Following Bochy's lead, Giants have swagger back
San Francisco rediscovers itself, overcomes adversity and runs toward NL West flag
DENVER -- The last time the Giants were in Colorado, they were coming off an 10-game homestand and had lost seven of eight games, including three of four to the Mets. Their lead in the National League West was down to a half-game over the Los Angeles Dodgers. And the Bay Area faithful were wavering.That first night at Coors Field, manager Bruce Bochy called a team meeting. "It's the only one we've had this year," said reliever Jeremy Affeldt. But it was time. "We had a tough homestand and some guys were pressing," said Bochy. "Seemed like it was time to talk to the guys." The focus was the movie "Day of Thunder" and how a race-car driver who was in a bad wreck had a moment of uncertainty when he returned to the track and there was a wreck in front of him. "He had lost his confidence and swagger," said Bochy. "Robert Duvall was his partner, and told him, 'Just press on the gas and get by it. Trust me.'" The Giants, obviously, trust Bochy. With a 9-8 victory against the Rockies at Coors Field on Tuesday night, the Giants have gone 24-13 since that Aug. 3 movie review that preceded a three-game sweep in Colorado, and they have extended their NL West lead to six games. Not too shabby considering that on Aug. 3, the Dodgers -- their pursuers -- acquired right-hander Joe Blanton from Philadelphia. Twenty-two days later, they shook up the baseball world with a blockbuster in which they acquired first baseman Adrian Gonzalez, injured outfielder Carl Crawford, starting pitcher Josh Beckett and infielder Nick Punto from Boston. The Giants? They signed free agent Xavier Nady on Aug. 5, claimed lefty Jose Mijares off waivers from Kansas City on Aug. 9, and then on Aug. 15 learned that cleanup hitter Melky Cabrera was suspended for 50 games for violating Major League Baseball's drug agreement. Predictions of the Giants' pending demise were rampant. "[General manager Brian Sabean] had a meeting, but it wasn't a big deal," said Affeldt. "He told us what the deal was, and then Bochy said, 'Let's move on.' He didn't get overly excited. He made it clear. This was just something we had to deal with." The Giants have dealt with it well. They lost, 6-4, to Washington the day Cabrera was suspended, but then won 16 of the next 24 games, and continued to make it look easy to win on the road, where they have 20 victories in their last 27 games. It all starts with Bochy, the understated manager, who is much more comfortable talking about the Cy Young candidacy of Matt Cain and MVP potential of Buster Posey than the idea that the success of the Giants is tied more closely to their manager than maybe any team in baseball. "I'm not doing this for attention or accolades," he said. "I'm in this to win and get to the postseason and try to win another World Series. This game isn't about the manager. It's about the players, and how they play the game." It's just that more often than not, Bochy's players play the game as well if not better than anybody else's players, even if he is relatively obscure despite having the third-longest managerial tenure (18 years) and the third-most victories (1,440) of any current manager, trailing only Jim Leyland and Dusty Baker in both categories. Bochy helped create respect for a San Diego franchise that he managed for 12 years before then-Padres president Sandy Alderson let Bochy know he needed to move on, at which time he joined the Giants. In his fourth season with San Francisco, 2010, he guided the Giants to their first World Series championship since 1954, when they were still playing in New York's Polo Grounds. It's not always easy, but for Bochy, managing is always fun. This year alone, he has had to mix-and-match his way through late innings because All-Star closer Brian Wilson, after only two appearances, finally gave in to the shoulder problems that had bothered him since the second half of last year. The Giants have responded with a bullpen that has six pitchers who have earned a save, including one by Wilson before his season-ending surgery. They dealt with the five-week loss of the middle-of-the-lineup bat of Pablo Sandoval to the disabled list in May and June. They have shaken off the 8-14 record that the assumed ace of the rotation, Tim Lincecum, took into a scheduled start at Colorado on Wednesday. And they shook off the constant efforts of the Dodgers to improve, which even before August included their swinging a deal for Miami shortstop Hanley Ramirez and left-hander Randy Choate and Philadelphia outfielder Shane Victorino. No big deal. Bochy wouldn't let it be. "You have to deal with certain things in life," said Bochy. "It is not important what happened. You can't change that. It is important how you deal with it. You have to focus on the future and not let it slip away. We've got the talent to win. So we have to be sure we don't waste it." That, in itself, is a virtual filibuster from Bochy.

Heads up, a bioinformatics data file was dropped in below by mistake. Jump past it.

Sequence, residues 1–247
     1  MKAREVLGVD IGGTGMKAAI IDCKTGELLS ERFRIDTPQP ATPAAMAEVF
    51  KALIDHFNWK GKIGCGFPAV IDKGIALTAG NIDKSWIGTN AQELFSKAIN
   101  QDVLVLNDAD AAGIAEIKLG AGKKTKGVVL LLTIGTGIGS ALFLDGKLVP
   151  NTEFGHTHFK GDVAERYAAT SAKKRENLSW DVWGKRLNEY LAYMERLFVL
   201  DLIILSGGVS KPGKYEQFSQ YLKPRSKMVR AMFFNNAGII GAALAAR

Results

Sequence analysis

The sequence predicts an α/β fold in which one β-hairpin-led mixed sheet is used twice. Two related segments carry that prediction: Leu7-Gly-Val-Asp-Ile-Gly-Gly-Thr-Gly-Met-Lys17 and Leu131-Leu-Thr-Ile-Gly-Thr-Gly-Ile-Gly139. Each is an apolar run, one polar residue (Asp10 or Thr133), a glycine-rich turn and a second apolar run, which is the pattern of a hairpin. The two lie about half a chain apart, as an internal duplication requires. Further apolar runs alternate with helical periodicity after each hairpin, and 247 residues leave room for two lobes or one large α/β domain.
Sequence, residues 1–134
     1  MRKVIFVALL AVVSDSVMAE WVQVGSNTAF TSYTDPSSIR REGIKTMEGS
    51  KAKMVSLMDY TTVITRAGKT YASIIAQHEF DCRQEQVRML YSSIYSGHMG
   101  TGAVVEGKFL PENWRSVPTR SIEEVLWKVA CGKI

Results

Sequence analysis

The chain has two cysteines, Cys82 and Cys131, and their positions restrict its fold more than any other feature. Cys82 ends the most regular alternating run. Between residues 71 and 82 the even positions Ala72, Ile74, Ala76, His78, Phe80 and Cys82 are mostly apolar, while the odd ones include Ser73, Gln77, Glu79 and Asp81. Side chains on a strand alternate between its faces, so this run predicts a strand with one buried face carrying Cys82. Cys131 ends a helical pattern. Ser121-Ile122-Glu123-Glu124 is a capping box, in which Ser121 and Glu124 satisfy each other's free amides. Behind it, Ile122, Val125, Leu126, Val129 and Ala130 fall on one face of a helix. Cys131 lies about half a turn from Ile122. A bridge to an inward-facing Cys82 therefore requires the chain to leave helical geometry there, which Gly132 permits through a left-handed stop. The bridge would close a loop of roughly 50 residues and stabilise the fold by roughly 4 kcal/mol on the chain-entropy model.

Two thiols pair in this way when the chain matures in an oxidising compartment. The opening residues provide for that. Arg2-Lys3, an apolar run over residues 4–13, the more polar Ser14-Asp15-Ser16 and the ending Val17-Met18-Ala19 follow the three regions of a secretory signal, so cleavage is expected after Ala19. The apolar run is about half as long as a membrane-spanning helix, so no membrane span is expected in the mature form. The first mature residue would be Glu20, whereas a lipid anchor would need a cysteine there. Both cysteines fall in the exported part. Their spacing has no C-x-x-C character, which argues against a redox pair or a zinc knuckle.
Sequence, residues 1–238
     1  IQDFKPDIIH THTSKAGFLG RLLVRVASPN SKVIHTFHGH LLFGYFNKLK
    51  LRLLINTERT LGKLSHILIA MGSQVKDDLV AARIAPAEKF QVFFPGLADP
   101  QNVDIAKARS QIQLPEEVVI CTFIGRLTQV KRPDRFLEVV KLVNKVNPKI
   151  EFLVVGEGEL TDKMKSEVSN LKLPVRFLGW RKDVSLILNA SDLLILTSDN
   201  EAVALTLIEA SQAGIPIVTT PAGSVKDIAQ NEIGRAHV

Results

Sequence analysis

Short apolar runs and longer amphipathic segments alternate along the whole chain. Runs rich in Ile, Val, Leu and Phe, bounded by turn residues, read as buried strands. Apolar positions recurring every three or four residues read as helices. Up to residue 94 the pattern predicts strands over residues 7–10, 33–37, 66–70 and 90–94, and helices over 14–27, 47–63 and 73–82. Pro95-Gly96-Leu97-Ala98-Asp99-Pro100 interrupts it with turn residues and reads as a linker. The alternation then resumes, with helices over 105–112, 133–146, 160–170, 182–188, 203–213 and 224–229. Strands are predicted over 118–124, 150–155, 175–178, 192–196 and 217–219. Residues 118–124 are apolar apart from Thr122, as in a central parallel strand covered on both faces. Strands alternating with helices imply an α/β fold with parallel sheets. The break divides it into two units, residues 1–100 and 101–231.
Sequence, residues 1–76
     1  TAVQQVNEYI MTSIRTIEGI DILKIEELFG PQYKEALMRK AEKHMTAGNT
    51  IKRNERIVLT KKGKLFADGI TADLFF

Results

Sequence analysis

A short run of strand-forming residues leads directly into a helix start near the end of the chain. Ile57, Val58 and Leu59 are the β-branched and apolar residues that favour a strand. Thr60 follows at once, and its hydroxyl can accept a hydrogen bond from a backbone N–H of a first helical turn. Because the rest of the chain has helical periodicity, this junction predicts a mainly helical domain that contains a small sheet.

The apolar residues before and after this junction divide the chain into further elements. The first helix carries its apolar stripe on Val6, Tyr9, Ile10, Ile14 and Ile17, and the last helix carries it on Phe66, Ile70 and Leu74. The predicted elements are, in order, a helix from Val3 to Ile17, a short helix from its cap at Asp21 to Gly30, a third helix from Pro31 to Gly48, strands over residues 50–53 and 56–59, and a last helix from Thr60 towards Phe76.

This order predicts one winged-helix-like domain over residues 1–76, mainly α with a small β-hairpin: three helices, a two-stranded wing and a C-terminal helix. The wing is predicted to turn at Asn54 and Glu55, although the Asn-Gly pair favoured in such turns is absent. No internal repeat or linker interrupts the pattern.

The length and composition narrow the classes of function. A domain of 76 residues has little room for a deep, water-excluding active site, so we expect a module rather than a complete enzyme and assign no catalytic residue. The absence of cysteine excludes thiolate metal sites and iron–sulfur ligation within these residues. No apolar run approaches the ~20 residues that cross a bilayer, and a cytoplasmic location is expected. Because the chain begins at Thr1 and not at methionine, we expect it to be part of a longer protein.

Tracy Ringolsby is a columnist for MLB.com. This story was not subject to the approval of Major League Baseball or its clubs.